December 31, 2009

Catchy Rhythms 2

A few days later than I had hoped, here is the second volume of "Catchy Rhythms from Nigeria". Unlike many volume 2's this is at least as good as the first. For one thing, it has two more songs than volume 1. And it has three songs by one of my favourite highlife artists: Victor Olaiya.

And great songs they are too.
You may remember my earlier posts of some tracks of this great Nigerian star (and if you don't, I advise you to make up for this oversight a.s.a.p.). The three tracks on this 10 inch lp are of at least the same quality. My favourite of the three is "Mumude", a near-perfect masterpiece. But "Omolanke" and "Cool Cats' Invitation" are in the same top class of highlife music.

There is lots more to enjoy in this volume. For one there are the Ishie Brothers with two songs (one Ibo and the other Hausa) in a very different, but also superb - guitar, banjo and cigarette tin (!) based - style. Of the remaining five tracks I would like to mention Julius O. Araba, who also featured on the first volume, and Ganiya Kale and his 'Guinea Mambo Orchestra' (love that name) with a track that suggests a connection with apala music. But this may be due to the use of the agidigbo (which was also used in apala music).
And then there is Sammy Akpabot ("well-known from radio and films" - I wouldn't be surprised if this, and this, was the same guy!), whose advice to "save for a rainy day" seems somewhat dated in view of the instability of the present-day banking system.
The two remaining songs are both sung by Joe Nez, "The Voice of Nigeria" according to the informative sleeve notes. Personally I have some doubts about this label; and I will even go as far as stating that the song of Joe and his own Trio (with a piano player who only plays two notes*) is the least interesting of this collection. The one with 'Baby-Face' Paul and his 'Top-Toppers' is enjoyable for the orchestration.

If you start the new year with this album you can't go wrong.

Philips P 13401 R

Happy New Year to you all!

* and you have to listen very hard to hear them.


John B. said...

Great collection! I'll have to disagree with you about Joe Nez's contributions. He's not well-known, but is much-loved among the IGbo people.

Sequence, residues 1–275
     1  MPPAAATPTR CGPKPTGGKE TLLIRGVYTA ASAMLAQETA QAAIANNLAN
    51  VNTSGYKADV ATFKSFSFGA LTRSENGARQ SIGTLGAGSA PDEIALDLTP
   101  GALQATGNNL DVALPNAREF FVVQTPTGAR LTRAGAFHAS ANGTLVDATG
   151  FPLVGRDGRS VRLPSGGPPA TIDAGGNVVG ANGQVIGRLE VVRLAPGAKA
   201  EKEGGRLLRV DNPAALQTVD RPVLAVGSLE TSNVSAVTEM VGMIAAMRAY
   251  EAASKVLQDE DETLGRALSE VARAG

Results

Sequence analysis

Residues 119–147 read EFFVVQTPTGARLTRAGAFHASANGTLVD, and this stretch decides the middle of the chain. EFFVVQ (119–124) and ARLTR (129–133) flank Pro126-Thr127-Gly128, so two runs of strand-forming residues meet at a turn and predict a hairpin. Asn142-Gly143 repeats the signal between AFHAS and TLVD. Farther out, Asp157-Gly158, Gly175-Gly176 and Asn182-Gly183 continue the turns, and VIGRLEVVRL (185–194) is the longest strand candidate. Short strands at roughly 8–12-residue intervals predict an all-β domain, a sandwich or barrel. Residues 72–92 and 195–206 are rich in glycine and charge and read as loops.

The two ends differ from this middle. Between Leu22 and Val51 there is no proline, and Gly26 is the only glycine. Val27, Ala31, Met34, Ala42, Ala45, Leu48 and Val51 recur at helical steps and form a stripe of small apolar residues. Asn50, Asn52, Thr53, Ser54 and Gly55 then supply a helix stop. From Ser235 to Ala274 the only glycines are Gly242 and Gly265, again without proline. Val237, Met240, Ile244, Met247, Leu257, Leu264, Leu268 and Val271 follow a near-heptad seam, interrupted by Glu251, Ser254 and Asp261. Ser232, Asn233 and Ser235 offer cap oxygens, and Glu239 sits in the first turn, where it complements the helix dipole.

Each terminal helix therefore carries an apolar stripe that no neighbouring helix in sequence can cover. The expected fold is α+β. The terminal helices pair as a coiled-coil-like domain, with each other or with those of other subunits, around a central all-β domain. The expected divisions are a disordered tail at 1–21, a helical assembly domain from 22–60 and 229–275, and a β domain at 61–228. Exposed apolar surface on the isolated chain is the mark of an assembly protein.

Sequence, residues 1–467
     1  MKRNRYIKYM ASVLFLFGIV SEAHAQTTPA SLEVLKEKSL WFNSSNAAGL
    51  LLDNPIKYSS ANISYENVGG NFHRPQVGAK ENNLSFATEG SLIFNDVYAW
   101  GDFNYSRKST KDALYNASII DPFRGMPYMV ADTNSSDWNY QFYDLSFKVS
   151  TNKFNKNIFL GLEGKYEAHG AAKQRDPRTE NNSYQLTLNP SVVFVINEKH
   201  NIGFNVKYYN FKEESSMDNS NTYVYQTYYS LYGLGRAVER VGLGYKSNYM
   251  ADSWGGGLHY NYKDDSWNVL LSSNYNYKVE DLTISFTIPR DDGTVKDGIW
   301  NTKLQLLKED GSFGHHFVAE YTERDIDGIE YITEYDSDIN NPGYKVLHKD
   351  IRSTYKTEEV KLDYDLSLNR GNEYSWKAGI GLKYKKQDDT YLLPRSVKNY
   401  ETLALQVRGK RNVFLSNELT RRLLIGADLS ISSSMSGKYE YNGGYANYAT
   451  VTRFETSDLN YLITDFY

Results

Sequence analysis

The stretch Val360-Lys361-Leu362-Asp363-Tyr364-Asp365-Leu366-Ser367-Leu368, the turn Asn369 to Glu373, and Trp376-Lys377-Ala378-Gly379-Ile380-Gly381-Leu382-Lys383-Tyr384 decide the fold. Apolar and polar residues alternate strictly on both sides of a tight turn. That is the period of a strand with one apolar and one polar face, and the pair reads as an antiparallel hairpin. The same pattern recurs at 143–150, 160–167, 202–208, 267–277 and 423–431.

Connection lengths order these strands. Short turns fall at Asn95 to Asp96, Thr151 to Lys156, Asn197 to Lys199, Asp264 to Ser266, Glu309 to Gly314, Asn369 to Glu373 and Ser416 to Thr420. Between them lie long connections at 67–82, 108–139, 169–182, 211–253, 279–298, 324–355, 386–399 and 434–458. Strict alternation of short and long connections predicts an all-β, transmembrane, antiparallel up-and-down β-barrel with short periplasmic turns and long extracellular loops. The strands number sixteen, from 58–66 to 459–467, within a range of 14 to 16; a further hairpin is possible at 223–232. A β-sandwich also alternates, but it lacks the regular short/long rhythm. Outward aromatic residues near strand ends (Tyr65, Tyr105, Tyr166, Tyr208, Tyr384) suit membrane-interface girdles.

Anonymous said...

Many thanks for all these wonderful LPs...
My best wishes for 2010.
Kostas from Greece.

george said...

Happy New Year!
Many many joyfull to you, good health and a lot of good music!
George from Moscow said...

Happy New Year, Wrldserv!

Thank you for every piece of music and all your comments!


Anonymous said...

I have great respect for John B. but on this occasion he is ill-informed about the contributions of Joe Nez and his popularity in Nigeria. His sudden death shortened his musical career but he was a mega star in every sense of the word and famously known for the medley track "Business Trip". An artist that briefly entertained more than 10 million people with some great hits can never be described as not well-known! The Igbo people deserves some merit and recognition regardless of whichever side you are on!

John B. said...

Anon: I meant to say not well-known outside Nigeria, as, say the Orientals or Osadebe are.

gracenotes said...

Beautiful album, packed with a cornucopia of rare stuff! Many thanks again, and Happy New Year to you.

oro said...

J'ai oublié de te souhaiter la meilleure année possible. Merci pour tes courriés rares, intéressant, documentés, qui ont permis à des milliers d'entre nous de découvrir des trésors oubliés.
J'éspère te surprendre, en 2010, avec de nouvelles et royales musiques du Dahomey...
Longue vie

Anonymous said...

The song 'Save for a rainy day' was indeed by the same Professor Samuel Ekpe Akpabot who was Nigeria's first Professor of Music.
As well as highlife, Professor Akpabot also composed classical music, including 'Three Nigerian Dances', which are on the 1995 CD by the National Symphony Orchestra and Chamber Choir of the South African Broadcasting Corporation (Marco Polo, 8.223832).
Regards from Surulere Boy!